During the early 80s, in the heart of Silicon Valley, on Page Mill Road in Palo Alto, I worked at Hewlett Packard as a computer operator. My cubicle domain was found in the basement of HP Corporation’s Research and Development lab. I sat closest to the main computer room that housed all the processing systems used by the engineers.
Back then, there was an ongoing debate concerning centralized versus decentralized personal computer power. At the time, individual PC’s were in their infancy, and mainframes ruled the high-tech world.
HP, the largest technical company on the planet at the time, working in their primary think tank as a computer operator… sounds cool and super technical! Nah, not really. I was the grunt that worked the swing shift (3 to 11 p.m.) and I simply mounted magnetic tapes and did system backups on the large, mainframe computers.
I can still feel the raised, air-conditioned floor blowing cool air up my pant legs as I walked down the aisles and aisles of state-of-the-art mainframe processors lined up neatly in rows. These massive supercomputers were named Thor, Heracles, Zeus, Apollo, Venus, Hermes, Athena and other gods and goddesses. Each had a hum of fans that cooled as it ran. Each had blinking LED lights that would signify they were crunching away at some new algorithm or program; one of the hundreds of software engineers had fed it.
There were massive bundles of neat, tie-wrapped wires running from each Greek processing God to a sea of cabling under the raised floor. These wires would then lead to the various engineers’ workstations, where they could access the CPU number-crunching brains living in the basement.
During this time, I had the privilege of interacting with some freakishly fascinating intellectuals.
There were Len and Sandy, the two primary founders of Cisco. I remember, they would often come to our HP labs basement in the evenings and tinker with a black box they called a router. I asked them once what their router did and they said it allowed two computers to talk to each other. (I should have invested then and there!)
Then there was a gentleman by the name of Doug, an eccentric individual with an amazing mind and a veracious work habit. I will never forget him excitedly telling me one evening that he had bought a 40 megabyte hard drive for a personal computer at his home. Forty MB was an inconceivably large hard drive at the time. It cost him nearly $40,000. Yes, you read that right. Back then, it was almost one thousand dollars per megabyte when looking to purchase a hard drive for a personal computer.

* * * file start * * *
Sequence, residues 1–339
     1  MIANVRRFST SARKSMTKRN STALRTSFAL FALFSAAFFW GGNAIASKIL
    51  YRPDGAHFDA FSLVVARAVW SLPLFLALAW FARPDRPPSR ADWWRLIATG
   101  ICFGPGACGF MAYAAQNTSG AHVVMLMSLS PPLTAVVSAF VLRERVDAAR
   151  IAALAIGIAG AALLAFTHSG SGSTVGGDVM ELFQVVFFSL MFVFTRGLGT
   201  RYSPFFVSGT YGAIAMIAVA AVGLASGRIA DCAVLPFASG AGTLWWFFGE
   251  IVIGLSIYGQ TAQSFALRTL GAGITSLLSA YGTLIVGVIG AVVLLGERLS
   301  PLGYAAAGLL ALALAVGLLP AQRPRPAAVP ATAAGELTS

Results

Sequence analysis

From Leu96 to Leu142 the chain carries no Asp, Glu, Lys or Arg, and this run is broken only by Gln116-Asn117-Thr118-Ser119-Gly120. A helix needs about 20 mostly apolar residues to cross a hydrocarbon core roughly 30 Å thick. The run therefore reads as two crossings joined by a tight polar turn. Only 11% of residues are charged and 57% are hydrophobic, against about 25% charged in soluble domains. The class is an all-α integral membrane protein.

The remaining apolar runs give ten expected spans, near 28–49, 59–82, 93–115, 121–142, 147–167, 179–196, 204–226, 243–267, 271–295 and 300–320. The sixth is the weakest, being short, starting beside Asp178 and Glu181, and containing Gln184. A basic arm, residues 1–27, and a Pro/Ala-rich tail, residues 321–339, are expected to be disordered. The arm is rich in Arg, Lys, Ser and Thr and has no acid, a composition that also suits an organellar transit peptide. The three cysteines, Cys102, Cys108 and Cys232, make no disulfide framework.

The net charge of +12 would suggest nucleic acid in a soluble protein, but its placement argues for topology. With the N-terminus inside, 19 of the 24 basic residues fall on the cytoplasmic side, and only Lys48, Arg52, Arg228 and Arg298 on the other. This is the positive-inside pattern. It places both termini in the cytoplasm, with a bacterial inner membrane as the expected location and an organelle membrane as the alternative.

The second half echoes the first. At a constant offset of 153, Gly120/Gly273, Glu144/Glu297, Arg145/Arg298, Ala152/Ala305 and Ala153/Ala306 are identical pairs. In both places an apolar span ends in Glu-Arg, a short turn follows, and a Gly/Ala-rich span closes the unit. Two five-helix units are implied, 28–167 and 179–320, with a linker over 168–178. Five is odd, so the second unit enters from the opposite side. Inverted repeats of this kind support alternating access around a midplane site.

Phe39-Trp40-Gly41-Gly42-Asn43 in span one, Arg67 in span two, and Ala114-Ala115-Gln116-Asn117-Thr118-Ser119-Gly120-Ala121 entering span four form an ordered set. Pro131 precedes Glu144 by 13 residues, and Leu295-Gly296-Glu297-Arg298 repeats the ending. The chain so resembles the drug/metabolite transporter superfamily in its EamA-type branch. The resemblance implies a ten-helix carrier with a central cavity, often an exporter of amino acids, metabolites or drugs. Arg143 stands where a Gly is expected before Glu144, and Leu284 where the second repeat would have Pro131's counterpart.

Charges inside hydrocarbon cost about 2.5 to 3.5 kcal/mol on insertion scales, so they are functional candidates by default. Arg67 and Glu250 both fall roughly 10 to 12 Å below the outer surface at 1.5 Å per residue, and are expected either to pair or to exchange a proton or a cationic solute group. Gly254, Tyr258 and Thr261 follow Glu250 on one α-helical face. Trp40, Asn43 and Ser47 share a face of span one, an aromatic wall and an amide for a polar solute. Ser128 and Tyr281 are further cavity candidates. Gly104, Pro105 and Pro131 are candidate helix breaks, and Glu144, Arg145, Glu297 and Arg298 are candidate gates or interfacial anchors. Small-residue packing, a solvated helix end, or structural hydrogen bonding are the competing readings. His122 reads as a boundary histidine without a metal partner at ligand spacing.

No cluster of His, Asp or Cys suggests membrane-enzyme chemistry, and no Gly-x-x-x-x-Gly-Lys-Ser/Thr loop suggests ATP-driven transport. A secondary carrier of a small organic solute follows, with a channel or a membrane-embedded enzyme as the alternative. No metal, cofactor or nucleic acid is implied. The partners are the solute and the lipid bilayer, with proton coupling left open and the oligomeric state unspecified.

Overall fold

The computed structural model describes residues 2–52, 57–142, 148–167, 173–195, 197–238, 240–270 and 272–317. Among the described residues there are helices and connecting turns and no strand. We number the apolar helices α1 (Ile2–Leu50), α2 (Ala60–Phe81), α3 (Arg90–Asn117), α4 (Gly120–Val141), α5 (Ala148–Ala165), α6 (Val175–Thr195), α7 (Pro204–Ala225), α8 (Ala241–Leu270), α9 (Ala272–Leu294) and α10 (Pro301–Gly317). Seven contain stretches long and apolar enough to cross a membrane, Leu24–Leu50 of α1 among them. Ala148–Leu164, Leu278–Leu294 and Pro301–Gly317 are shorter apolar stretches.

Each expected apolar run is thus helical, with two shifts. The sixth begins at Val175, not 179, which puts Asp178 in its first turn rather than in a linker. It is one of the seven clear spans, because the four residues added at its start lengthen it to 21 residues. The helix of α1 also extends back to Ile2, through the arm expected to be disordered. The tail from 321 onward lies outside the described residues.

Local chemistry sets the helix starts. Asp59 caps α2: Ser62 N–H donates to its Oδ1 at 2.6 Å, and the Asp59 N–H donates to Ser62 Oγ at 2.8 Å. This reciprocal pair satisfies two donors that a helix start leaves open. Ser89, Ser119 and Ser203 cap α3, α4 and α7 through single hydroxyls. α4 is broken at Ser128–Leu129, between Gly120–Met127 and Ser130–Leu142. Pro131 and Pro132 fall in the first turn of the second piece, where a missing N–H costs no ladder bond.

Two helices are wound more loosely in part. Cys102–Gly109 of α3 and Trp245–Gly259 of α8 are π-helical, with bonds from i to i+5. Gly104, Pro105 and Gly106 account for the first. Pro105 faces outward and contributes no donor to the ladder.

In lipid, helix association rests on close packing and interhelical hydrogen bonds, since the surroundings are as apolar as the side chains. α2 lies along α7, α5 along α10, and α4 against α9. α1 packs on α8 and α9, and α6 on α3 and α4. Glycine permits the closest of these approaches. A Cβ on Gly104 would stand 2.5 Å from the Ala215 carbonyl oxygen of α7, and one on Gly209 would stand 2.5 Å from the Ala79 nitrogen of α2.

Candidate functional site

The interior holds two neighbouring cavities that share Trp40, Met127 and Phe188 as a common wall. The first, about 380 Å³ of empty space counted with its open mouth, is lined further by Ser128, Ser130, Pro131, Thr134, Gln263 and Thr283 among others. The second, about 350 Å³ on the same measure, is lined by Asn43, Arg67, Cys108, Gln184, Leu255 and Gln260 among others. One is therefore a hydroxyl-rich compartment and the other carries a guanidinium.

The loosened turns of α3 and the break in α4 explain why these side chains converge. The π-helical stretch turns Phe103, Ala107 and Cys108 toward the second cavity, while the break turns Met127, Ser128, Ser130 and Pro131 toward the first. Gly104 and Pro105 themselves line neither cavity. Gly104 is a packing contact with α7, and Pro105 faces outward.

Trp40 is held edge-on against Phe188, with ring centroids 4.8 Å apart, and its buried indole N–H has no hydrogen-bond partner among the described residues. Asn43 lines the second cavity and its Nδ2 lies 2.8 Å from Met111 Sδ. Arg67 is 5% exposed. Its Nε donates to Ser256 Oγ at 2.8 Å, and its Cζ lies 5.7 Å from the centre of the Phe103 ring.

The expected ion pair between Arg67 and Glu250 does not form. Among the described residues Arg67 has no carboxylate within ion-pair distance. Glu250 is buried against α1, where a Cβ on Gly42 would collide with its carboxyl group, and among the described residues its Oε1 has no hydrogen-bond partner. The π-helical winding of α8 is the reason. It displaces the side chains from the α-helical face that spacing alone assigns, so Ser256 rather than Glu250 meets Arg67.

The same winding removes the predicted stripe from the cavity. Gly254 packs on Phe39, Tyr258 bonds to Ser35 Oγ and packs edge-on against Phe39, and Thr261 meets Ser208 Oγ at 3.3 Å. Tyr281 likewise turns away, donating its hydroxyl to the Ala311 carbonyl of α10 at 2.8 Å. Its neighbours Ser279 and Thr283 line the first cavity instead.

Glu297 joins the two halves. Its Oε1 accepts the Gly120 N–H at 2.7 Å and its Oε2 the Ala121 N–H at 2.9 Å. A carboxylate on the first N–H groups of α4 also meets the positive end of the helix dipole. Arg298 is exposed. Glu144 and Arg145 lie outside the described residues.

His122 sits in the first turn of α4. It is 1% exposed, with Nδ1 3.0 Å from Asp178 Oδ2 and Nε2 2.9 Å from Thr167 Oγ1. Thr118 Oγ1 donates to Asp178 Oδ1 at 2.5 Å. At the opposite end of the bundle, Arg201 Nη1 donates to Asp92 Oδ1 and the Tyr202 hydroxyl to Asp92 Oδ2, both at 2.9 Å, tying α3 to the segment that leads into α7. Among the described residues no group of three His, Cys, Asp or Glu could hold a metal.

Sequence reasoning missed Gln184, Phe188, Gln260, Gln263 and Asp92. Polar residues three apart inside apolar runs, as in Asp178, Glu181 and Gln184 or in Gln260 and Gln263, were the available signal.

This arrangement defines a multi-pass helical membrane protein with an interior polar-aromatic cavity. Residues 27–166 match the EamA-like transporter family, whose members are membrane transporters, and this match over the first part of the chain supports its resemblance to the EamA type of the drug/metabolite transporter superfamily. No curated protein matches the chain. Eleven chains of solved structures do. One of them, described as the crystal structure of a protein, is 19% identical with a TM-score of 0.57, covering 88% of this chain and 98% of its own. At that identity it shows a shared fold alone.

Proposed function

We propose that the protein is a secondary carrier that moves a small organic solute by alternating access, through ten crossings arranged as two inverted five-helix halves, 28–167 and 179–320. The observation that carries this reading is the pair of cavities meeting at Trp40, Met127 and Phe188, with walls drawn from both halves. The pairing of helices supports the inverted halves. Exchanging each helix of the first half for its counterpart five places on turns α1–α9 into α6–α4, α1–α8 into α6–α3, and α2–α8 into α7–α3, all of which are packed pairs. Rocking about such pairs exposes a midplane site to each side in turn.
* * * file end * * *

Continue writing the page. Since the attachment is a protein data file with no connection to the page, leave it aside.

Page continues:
There was also a young 19-year old engineer who had just graduated from MIT adorned with numerous scholastic honors. This academic prodigy was brought in to write critical code that would provide the foundation for HP’s computer product line for more than 15 years.
The list of intellectually beguiling cohorts went on and on. During my swing shift stint, it was easy for me to see the insane hours many of these folks put in at the office. They would come in about nine in the morning and yet would often stay long into the night. Sometimes I left before they did.
Some would openly brag about working more than 80 hours a week. While I did not understand much of what they were doing, it was exciting to be in the center, observing this zealous, intellectual creativity and brilliance.
One weekend while visiting my parents, I was chatting with my father and telling him about some of the global changing projects the engineers were working on at the labs. That bled over to me admiringly describing some of the individuals tasked with solving these projects. “Dad, I work with geniuses.” He could clearly sense I was captivated and enamored by their high-tech vocational success and accomplishment.
That is when my father taught me a classic Arthur Coombs, Jr. maxim.
He said: “Art, genius is not being ‘great’ at any one thing. Genius is being ‘good’ in all aspects of your life. Genius is being good vocationally, socially, financially, physically, scholastically, family, emotionally, spiritually, etc. When you over-excel in any one area, you often create a vacuum or deficiency in another. Being fanatical in any one aspect of your life is extremely dangerous. Many live terribly unfulfilled, unhappy lives and yet are simultaneously at the top of their chosen profession and passion. We all have 24 hours a day. If you invest 18 hours a day at the office, you will ascend great vocational heights, but at what price? The true genius avoids extremes and embraces moderation. Fanaticism in anything is unhealthy.”